In Virginia Woolf's To the Lighthouse, the housekeeper Mrs McNab is present before her own projection of Mrs Ramsay, yet her “sidelong leer” and gaping, “aimlessly smiling face,” implies she cannot ‘read’ Mrs Ramsay who becomes Andrew Ramsay’s “kitchen table,” imagined “when you are not there.” Laura Marcus refers to this as the cinematic technique of “a way of seeing that writers of this period understood to be both central and hidden, revealing itself only to those who had learned to ‘read’ the film image, and the film image of the literary text.” Mrs McNab can no more read the projection than read Lily Briscoe’s painting. In ‘Time Passes’, it is as if Mrs McNab, singing a worn-out old music hall song, passes between the cinema projector and the screen, and the action plays across her figure, with Mrs Dalloway, unseen, before her eyes.  

There also exist cinematic influences in the conclusions of both novels. Lily’s climatic brush-stroke, which completes To the Lighthouse and her painting, does not symbolize ‘The End’ so much as its own conclusion; the action continues, distantly, with the Ramsay party reaching the lighthouse, but as this concludes the novel’s symbolism, there is no further need of us, the audience. “Woolf experimented with the representation of two things happening simultaneously – Lily completing her painting, Mr Ramsay’s journey to the lighthouse in ways almost certainly by film’s ability to represent parallel or ‘double action’ either by use of a split screen or by rapid cutting” (Marcus). We have had our vision and, like Lily’s picture, “a likeness of thing thought about,” (Woolf, ‘The Cinema’) it is complete but never finished; it is capable, as an abstract work, of multiple views and revelations (“One wanted fifty pairs of eyes to see with, she reflected).”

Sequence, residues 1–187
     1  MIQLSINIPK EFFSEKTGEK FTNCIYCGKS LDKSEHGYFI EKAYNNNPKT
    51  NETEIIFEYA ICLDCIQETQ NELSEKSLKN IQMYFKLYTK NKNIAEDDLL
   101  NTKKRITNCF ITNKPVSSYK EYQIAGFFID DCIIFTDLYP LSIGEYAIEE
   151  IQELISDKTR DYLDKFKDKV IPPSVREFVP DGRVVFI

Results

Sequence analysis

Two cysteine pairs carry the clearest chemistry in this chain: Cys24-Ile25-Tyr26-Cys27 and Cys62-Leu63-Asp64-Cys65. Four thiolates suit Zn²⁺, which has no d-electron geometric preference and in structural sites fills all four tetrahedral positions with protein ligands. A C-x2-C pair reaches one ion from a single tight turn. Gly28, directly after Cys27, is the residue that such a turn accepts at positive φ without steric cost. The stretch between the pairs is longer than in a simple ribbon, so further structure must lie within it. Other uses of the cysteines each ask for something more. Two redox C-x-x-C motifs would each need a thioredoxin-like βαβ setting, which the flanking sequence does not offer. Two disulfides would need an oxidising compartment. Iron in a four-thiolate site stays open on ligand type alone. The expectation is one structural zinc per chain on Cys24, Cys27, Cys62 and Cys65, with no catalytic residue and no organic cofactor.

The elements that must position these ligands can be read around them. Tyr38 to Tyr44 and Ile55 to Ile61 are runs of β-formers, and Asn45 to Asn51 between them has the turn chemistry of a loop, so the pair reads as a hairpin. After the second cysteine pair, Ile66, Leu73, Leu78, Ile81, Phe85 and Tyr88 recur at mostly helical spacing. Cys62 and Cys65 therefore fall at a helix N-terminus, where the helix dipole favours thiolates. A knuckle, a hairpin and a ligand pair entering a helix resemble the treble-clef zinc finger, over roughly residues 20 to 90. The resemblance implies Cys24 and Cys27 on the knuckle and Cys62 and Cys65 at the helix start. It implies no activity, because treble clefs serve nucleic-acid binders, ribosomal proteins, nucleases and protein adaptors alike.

In comparison, Mrs Dalloway ends with the action exhausted, the rooms emptying, with Elllie Henderson lingering only because “she wanted to see everything,” like a cinema-goer unable to leave the auditorium until the credits have rolled and the lights go up; the effect is of an audience running out of actors to watch, until we are left with Peter Walsh looking upon Clarissa, and we reach ‘The End,’ at which point one can almost hear the film flapping free in the projector.      

In conclusion, perhaps we should view both Mrs Dalloway and To the Lighthouse as anti-films, made from the clippings from an imaginary cutting-room floor. Woolf shows art should be about not the story, but the effect of forcing the efficient mechanics of story upon the human mind; by attaching narrative fragments to symbols of human thought, Woolf created art more compelling and profound than the picture palace – or multiplex – fodder often presented as film. The main difference between the two novels themselves is fundamentally cinematic – Mrs Dalloway is a novel of cinema-going, and of watching, as Peter Walsh does, cinema-goers, (“they would have their two hours at the pictures”) who must leave once the film is through with itself, while To the Lighthouse is a novel of cinema-becoming, of people who find that, through the displacement of key narrative elements, find purpose in another direction – the one originally intended, had it been “fine tomorrow.” Woolf’s essay ‘The Cinema’ should be viewed as a plan for two forms of culture in danger of losing their way, and the two novels discussed, viewed as products of a dialogue between the two forms.